It was also at the University of Brasilia that, some years later, I obtained my undergraduate degree in Psychology. I studied there in the dark times of the Brazilian military government, which had suppressed the innovative experiences in Brasilia and had driven out most of the university’s professors. Nevertheless, all the department’s faculty were behavior analysts and the whole undergraduate program was based on behavior analysis. I had the opportunity to do laboratory courses and also to do some research, with my colleague Olavo Galvão, who later would do a post-doc with Professor Sidman. We did research just because we were interested in it: it was not required to obtain our degree. But the laboratory was there, it had equipment which could be used, there was a good supply of white rats, and our teachers encouraged us to do research.
Olavo and I learned to use the electromechanical equipment of the time and did an experiment to investigate behavior under a schedule of reinforcement never studied before: an interlocking schedule in which an FR requirement increased as time elapsed. We did not have any particular hypotheses for our research. We were just curious to see how the bar pressing response would change under our schedule.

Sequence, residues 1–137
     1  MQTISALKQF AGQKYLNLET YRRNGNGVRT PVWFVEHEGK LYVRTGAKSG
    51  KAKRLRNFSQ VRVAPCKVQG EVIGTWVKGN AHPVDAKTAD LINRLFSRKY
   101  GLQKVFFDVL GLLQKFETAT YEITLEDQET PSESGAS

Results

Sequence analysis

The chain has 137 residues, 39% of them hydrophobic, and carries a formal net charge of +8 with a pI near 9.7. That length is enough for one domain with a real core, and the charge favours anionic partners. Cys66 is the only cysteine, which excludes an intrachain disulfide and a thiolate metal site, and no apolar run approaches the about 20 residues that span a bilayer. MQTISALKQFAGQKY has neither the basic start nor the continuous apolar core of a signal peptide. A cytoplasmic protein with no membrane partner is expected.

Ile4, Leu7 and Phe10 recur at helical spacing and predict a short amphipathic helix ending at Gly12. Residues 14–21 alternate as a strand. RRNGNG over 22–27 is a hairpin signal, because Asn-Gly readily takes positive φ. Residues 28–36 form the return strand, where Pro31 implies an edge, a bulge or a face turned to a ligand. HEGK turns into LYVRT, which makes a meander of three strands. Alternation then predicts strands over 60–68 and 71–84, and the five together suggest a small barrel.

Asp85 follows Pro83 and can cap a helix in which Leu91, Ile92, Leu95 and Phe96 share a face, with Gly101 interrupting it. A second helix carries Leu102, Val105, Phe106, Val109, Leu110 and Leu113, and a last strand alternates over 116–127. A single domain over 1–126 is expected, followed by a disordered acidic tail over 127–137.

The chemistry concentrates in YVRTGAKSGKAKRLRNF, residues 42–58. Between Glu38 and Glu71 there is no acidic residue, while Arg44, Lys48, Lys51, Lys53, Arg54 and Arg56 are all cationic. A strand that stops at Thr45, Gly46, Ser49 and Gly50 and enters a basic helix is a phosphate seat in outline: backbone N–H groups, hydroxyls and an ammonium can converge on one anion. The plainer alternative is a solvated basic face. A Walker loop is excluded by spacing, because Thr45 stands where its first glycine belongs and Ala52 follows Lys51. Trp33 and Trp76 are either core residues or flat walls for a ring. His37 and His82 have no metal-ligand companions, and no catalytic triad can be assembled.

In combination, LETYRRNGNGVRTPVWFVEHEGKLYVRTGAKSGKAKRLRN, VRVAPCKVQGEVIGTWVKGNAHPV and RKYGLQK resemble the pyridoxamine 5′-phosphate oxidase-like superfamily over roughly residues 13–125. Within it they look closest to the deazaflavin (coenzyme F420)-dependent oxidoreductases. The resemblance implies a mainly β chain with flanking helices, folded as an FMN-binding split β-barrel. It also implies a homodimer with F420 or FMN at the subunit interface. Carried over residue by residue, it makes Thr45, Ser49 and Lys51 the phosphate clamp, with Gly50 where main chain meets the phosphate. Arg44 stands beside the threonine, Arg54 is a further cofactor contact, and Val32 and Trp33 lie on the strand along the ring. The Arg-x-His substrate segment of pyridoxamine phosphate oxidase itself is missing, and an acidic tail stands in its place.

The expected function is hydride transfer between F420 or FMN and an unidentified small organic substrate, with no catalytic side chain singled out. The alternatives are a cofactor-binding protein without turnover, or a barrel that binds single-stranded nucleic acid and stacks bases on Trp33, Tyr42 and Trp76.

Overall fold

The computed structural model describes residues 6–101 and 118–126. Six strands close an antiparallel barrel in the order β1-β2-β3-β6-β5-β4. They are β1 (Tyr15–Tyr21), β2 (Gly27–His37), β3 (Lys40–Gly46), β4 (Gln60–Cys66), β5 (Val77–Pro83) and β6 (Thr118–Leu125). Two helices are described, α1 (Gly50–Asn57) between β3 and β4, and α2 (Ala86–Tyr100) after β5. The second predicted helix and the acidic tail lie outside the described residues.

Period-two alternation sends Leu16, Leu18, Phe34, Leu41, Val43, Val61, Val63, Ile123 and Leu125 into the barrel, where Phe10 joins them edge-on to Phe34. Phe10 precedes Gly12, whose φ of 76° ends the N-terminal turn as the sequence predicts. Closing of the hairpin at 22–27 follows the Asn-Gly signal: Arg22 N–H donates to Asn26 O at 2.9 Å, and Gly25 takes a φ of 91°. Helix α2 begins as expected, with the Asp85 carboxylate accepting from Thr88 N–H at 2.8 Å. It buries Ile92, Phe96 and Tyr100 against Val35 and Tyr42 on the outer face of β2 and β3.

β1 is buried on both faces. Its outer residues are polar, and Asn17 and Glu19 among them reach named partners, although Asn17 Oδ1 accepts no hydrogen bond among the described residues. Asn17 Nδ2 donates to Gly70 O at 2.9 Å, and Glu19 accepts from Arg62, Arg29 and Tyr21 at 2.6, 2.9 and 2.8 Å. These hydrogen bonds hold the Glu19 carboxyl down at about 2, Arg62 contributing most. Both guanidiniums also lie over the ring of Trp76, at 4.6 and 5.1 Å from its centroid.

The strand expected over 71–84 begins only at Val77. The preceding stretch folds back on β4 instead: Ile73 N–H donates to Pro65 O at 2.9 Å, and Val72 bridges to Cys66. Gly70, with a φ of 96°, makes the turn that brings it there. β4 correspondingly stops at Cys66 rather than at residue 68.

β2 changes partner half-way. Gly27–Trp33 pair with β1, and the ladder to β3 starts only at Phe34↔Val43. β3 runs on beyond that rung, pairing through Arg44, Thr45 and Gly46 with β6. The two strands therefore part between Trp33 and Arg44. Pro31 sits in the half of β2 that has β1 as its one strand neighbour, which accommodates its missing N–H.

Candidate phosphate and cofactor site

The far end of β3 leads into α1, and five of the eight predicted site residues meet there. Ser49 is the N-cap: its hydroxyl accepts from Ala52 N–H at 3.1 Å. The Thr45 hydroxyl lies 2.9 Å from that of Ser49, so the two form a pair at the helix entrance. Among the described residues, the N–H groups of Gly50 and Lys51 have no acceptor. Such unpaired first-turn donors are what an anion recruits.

However, we had not yet read Tactics, and our Sidmanian approach didn’t go further than our desire to ask “a question to nature”. We believed that the effects of the schedule should manifest only in the rate of bar pressing. And yes, our schedule did affect bar pressing. All our rats stopped pressing the bar mid-session and began to do something else, session after session. We thought the research had failed, even though our results were very consistent: the rate of bar pressing went to zero and all the rats started to emit the same alternative behavior. Since we were not prepared to consider behaviors other than bar pressing, we could not make any sense of our data. After I read Tactics, and with a little more basic knowledge of behavior analysis, I would do better in my graduate research in the Graduate Program at USP, where I went to obtain my master and doctoral degrees, under the supervision of Professor Carolina Bori.